Tags: Wet Map Tag
This tag has the following sections:
For the buttons at the bottom of the interface, please see the 'Common interface elements' page.
How to produce a wet map
To generate a wet map requires three things:
- an emitter: wet maps can be created from any particle interaction (not just fluid particles)
- an object to generate the wet map on
- a wet map tag applied to the object
To generate the map, apply the tag to the object and drag the emitter or an X-Particles group into the 'Particles' list box in the tab.
There are two other things you can do. You can generate a vertex map on the object, which you could then use (for example) as the emission source for another emitter. To do this, the object must be made editable and a vertex map generated for it. Drag the vertex map tag into the 'Vertex Map Out' field and uncheck the 'Render Only' switch. If you select the object and switch to Points mode, you can see the vertex map being generated as you play the scene.
You can also shade the wet map if desired, by using a Wet Map Shader. This will colour the surface depending on how 'wet' the surface is. The more particles hit the object the 'wetter' it is.
If this switch is checked, wet maps are created only during rendering. Uncheck the switch if you need to create wet maps for output to a vertex map within the viewport (e.g. for use as a selection for another emitter).
This is the falloff distance added to the particle radius to spread the wetness from a particle onto the wet map.
The number of wet map subdivisions within a polygon. Each polygon is subdivided to give wet map vertices within each face, and this setting controls how many vertices each polygon receives. Increasing this value will slow wet map generation down, so it is best to have a larger number of polygons and a low resolution, rather than a low polygon count and high resolution.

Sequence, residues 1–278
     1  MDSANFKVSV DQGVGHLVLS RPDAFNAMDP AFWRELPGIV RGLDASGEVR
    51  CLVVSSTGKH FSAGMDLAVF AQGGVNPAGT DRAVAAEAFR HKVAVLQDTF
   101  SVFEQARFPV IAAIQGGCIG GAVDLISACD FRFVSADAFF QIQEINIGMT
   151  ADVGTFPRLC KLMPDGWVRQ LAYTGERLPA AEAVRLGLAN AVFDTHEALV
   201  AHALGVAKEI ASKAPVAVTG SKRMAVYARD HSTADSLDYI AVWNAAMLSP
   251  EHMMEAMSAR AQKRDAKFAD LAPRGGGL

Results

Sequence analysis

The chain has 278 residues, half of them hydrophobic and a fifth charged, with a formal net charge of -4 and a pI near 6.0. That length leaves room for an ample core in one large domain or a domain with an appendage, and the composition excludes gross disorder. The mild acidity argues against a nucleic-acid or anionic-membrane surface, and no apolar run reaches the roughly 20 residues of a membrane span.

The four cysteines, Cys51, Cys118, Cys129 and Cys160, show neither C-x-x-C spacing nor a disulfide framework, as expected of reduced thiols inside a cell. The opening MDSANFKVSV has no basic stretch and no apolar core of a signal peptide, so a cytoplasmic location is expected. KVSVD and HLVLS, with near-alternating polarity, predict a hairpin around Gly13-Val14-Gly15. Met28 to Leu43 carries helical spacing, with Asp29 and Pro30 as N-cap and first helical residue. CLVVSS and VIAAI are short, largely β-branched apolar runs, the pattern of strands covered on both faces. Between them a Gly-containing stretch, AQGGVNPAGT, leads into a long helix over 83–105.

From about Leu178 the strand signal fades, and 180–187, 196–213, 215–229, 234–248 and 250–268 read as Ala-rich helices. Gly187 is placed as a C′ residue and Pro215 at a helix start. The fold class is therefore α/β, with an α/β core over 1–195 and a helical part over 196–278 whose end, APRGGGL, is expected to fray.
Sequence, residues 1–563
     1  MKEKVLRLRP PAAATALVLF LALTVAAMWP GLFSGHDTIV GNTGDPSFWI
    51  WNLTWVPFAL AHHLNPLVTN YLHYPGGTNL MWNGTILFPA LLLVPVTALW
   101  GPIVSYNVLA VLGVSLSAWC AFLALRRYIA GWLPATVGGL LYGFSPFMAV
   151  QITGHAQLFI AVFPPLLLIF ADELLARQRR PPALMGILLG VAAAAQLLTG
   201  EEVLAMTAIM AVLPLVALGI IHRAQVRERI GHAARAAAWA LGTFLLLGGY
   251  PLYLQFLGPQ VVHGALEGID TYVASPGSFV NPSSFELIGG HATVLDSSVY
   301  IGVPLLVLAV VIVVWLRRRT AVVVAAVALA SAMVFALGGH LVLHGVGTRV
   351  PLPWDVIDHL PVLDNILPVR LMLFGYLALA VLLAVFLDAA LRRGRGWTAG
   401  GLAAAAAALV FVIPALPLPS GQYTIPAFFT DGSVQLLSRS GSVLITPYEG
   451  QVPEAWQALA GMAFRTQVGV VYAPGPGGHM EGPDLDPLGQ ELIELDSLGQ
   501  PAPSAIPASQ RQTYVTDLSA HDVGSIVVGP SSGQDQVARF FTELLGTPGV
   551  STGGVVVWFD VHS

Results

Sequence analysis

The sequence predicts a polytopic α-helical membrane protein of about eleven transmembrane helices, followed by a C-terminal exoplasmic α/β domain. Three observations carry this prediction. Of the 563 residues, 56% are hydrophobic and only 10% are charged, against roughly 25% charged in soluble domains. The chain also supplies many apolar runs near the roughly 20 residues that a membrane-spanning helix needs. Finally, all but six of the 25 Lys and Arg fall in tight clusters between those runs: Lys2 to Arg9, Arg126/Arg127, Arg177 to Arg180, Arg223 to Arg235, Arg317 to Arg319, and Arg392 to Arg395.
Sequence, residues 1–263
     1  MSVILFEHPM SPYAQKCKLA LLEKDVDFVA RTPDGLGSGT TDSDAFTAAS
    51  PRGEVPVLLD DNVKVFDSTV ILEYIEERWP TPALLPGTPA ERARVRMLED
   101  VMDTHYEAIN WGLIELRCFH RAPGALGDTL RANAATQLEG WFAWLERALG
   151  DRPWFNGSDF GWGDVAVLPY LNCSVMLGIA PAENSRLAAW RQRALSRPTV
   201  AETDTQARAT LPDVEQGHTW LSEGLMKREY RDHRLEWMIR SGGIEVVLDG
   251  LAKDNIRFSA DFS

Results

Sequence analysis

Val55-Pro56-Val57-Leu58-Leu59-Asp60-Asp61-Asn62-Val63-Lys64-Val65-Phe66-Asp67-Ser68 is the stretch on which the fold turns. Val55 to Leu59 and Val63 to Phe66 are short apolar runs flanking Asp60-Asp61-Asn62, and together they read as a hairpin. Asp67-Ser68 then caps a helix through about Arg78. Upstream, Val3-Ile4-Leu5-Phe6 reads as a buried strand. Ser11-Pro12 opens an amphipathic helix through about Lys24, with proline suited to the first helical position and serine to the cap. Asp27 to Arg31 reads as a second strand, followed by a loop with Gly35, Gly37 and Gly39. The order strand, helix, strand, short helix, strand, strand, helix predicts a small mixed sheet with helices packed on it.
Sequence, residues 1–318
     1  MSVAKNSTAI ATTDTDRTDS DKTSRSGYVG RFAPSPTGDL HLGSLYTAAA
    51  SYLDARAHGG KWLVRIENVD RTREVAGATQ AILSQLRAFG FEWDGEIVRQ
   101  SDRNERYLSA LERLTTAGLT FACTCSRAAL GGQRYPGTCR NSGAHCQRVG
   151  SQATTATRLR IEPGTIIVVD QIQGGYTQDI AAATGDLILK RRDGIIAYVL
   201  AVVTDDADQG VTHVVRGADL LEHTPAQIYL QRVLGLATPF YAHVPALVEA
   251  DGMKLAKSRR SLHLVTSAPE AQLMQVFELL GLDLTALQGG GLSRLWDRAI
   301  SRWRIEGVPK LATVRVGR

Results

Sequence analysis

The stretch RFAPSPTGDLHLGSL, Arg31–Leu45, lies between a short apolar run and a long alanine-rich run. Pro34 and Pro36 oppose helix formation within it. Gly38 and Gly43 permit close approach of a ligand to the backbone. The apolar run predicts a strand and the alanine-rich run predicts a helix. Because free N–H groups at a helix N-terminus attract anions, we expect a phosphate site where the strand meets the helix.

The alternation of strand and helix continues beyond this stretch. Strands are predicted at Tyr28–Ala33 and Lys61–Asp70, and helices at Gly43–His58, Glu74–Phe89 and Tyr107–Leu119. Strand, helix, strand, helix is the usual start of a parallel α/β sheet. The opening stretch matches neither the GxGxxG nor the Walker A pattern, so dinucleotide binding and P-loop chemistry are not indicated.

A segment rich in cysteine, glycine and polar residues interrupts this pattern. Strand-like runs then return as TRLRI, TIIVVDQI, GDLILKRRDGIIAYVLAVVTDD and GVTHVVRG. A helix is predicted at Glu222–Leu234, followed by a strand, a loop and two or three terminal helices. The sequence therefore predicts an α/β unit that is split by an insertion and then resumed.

This setting controls how 'wet' a particle makes the wet map (in other words, the strength of its influence).
These settings change how wet the map becomes from the particles, based on either a random variation (Variation field), a shader (placed into the Texture field - a Noise shader works well), or a texture tag from a material applied to the object.
Each time the wet map is calculated (when the scene time changes) the current map is faded before any new wetness is applied, which controls how quickly the wet map fades (i.e. dries).
These settings change the fading with either a random variation (Variation field), a shader (placed into the Texture field), or a texture tag from a material applied to the object.
This controls how far each wet map vertex is spread to the surrounding wet map area.
The number of iterations used during the spreading. Higher values spreads (smooths) more, but is slower to calculate.
This controls how much the wet map spreads (higher values smooth the wet map to the surrounding area).
Note: spreading is very slow and is therefore best kept for when the scene is rendered or when it is cached.
These settings change the spread rate with either a random variation (Variation field), a shader (placed into the Texture field), or a texture tag from a material applied to the object.
Vertex Map Out
This field accepts a vertex map tag which should be dragged from the object on which the wet map is to be generated. The wet map will then be output to that vertex map. If you need the map in the viewport (e.g. to use it as the emission source for another emitter) you must uncheck ' Render Only'.
Vertex Sample Size
This is the sampling size from the wet map point to the surrounding wet map. Larger values will smooth out the sampling of the wet map.
Drag any emitter or particle group(s) for which a wet map is required into this box.